We've almost lost count of the number of blue screens we've seen in the CRN Test Center during the Windows 7 evaluation process. In some cases, PCs we've used just won't upgrade at all to Windows 7. In others, important functions have to be disabled or eliminated to get it to install as an upgrade. While Microsoft has assured the world that if the hardware works with Windows Vista it will work with Windows 7, the reality is that is misleading at best. We've seen with our own eyes in the Test Center lab that systems we could upgrade from XP to Vista refused to upgrade from Vista to Windows 7.

      That's a real problem, from that it sounds like Windows 7 is a pig. However, if Microsoft would be honest about the situation they might be able to save themselves. E.g., Apple has no qualms about dropping support of their newest software on older machines. However, what happens if they lie about it and say that older machines are supported and they aren't? (As they are apparently doing.) You can say that's unfair too, but again Microsoft when and lied about what computers Vista would run (well) on, so I'd say that experience teaches us that a little healthy skepticism is warranted.

      • by MightyMartian ( 840721 ) on Tuesday February 24, 2009 @06:51PM (#26976121) Journal

        It's still in beta, for goodness sakes. I'm sure, at the end of it, Windows 7 will be a massive hog that requires outrageous amounts of RAM and disk space, but I think knocking a beta for kernel panics is a little over the top. That's like taking a bleeding-edge Linux kernel, compiling it and then bitching that it doesn't seem to work reliably in a production environment.

        • by je ne sais quoi ( 987177 ) on Tuesday February 24, 2009 @07:05PM (#26976297)
          I run beta software all the time, I'm typing this using Safari 4, and I used to run Debian unstable, so yeah okay I know beta software is well, beta quality. BUT... Microsoft is a company that has demonstrated repeatedly that it will release software that isn't ready, just as it did with Vista, WinME, & Windows95. How do you know that this time it will be any different? You don't know that. My point was that give their track record, and let's be honest, they must be under even more pressure to release Windows 7 than to release Vista, that we should be skeptical. Sure, we can all sit back and say "oh it's only beta, what's a few kernel panics between friends?" But when they release this thing and it doesn't run, I know I for one am not going to be happy at playing tech support guru for people who bought a Windows 7 ready laptop that crashes often.

          I'm pretty ticked about having to play tech support on family member and friend's computers to deal with wireless router incompatibilities and trying to get vista to run acceptably on "Vista ready" laptops that I really wish Microsoft would own up and give us realistic guidelines for what hardware their software WILL actually run on.
          • by MightyMartian ( 840721 ) on Tuesday February 24, 2009 @07:21PM (#26976479) Journal

            All of this may be true, but I still think that writing articles about this in regards to what still is a beta product is sensationalistic and unethical. When the ready-for-prime-time product comes out, and if some or all of the issues raised still exist, I'll be at the front of the line to spew venom on Microsoft. Until then, the basic understanding with beta software is that you'd best expect problems.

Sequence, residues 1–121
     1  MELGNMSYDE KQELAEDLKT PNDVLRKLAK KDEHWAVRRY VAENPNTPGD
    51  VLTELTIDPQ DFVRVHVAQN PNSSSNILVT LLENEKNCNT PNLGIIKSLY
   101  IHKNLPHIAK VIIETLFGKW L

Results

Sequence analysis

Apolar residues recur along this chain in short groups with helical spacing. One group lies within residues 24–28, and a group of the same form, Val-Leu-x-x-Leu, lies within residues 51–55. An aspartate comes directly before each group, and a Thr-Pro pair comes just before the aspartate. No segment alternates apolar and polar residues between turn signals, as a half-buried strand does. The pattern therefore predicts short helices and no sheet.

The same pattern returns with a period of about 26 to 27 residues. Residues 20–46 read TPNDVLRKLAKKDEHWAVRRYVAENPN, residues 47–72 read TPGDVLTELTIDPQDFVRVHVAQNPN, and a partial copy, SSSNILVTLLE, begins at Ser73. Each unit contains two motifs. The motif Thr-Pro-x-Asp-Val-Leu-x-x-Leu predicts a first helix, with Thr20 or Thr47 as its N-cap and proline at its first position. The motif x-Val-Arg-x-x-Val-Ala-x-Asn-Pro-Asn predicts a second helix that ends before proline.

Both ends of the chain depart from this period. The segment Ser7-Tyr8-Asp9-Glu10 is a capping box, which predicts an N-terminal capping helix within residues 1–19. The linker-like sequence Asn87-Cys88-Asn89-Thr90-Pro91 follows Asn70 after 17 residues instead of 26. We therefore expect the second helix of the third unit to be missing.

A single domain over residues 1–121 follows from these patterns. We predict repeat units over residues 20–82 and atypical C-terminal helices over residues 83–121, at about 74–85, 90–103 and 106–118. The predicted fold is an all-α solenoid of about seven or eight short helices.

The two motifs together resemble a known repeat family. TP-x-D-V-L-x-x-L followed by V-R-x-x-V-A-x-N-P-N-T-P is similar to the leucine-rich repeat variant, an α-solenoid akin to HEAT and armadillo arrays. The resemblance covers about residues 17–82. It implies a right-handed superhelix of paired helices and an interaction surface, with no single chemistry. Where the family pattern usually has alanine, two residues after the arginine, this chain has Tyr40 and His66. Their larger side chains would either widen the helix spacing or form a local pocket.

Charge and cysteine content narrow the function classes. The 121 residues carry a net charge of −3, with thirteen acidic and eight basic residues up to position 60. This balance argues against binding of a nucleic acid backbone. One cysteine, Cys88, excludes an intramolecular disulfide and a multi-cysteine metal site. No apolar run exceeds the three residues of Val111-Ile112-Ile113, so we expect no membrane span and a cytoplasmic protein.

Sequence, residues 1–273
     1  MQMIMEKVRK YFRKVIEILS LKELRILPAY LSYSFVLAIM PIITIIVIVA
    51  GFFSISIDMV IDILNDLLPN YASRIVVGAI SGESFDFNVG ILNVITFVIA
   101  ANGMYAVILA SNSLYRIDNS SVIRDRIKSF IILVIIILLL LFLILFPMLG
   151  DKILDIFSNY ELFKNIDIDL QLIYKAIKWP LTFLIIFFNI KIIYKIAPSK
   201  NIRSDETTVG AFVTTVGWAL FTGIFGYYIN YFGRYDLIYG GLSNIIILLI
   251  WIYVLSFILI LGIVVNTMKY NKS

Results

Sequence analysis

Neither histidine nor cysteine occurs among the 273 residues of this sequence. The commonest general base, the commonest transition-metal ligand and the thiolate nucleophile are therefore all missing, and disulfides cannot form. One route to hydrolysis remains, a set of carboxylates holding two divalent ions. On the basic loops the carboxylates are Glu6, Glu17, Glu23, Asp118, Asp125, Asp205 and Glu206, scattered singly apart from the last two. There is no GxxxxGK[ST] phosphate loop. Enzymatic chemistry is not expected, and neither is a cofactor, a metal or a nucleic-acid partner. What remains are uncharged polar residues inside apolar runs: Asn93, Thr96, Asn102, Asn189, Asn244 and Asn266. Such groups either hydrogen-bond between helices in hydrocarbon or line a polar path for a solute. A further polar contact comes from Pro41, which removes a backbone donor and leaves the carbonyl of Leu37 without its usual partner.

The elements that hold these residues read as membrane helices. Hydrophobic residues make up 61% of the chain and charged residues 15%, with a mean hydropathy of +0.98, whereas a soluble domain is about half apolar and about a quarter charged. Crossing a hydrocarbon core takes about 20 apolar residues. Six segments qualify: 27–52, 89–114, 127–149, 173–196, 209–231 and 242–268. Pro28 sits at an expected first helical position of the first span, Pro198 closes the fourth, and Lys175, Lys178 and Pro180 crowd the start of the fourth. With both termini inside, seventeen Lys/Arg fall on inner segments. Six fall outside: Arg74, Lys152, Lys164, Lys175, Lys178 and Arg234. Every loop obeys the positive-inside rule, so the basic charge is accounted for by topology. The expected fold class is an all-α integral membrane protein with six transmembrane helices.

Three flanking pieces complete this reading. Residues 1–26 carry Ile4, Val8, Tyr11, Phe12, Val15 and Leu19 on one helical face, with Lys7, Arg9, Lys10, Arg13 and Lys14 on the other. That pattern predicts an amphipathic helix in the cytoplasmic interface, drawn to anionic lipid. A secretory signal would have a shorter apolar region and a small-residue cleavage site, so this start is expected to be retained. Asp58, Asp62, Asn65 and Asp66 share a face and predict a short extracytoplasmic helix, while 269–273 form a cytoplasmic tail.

• by MPolo ( 129811 ) on Wednesday February 25, 2009 @04:07AM (#26979603)
              I seem to recall that Microsoft was saying just recently that this Beta would be the only Beta and then (possibly) one release candidate, and then release, because this one was so rock solid. If they hold true to that, then comments about the stability and upgradability of the beta are in fact pretty relevant. If they've backed off of that position and I missed it, I apologize in advance.
        • by MrKaos ( 858439 ) on Tuesday February 24, 2009 @09:39PM (#26977671) Journal

          It's still in beta, for goodness sakes. I'm sure, at the end of it, Windows 7 will be a massive hog that requires outrageous amounts of RAM and disk space

          Fear not! Windows 9 will fix it!!!

      • by dave562 ( 969951 ) on Tuesday February 24, 2009 @07:37PM (#26976695) Journal

        This is just a wild ass guess on my part, but I'm willing to bet that the problem is that they are trying to UPGRADE them. Anyone who has dealt with Microsoft OS's knows that the upgrades suck. To do a proper upgrade in the Microsoft world, you need to do what everyone else calls a "pave and rebuild". I don't know anyone in their right mind who tries to do an in place upgrade on Windows. That is just asking for headaches. They'd be better off doing a fresh install, creating a disk image from that and then pushing out the image. If Microsoft really cared about their userbase, they would just do away with "upgrades" all together and just admit that they don't work right. The same thing goes for their server software, Exchange, SQL, the whole nine yards.

      • Re: (Score:3, Insightful)

        by Weedlekin ( 836313 )

        "Well, has Microsoft ever released something with poor driver support before?"

        All the NT series had dreadful driver support up to and including XP. People tend to forget how bad XP was at the beginning because it's been around for a long time, but the fact of the matter is that there was lots of hardware for Win9X that's never worked with it; large amounts of 9X and DOS software didn't run on it at all it at all, or was annoyingly problematic (especially games); getting XP Home in particular to integrate wi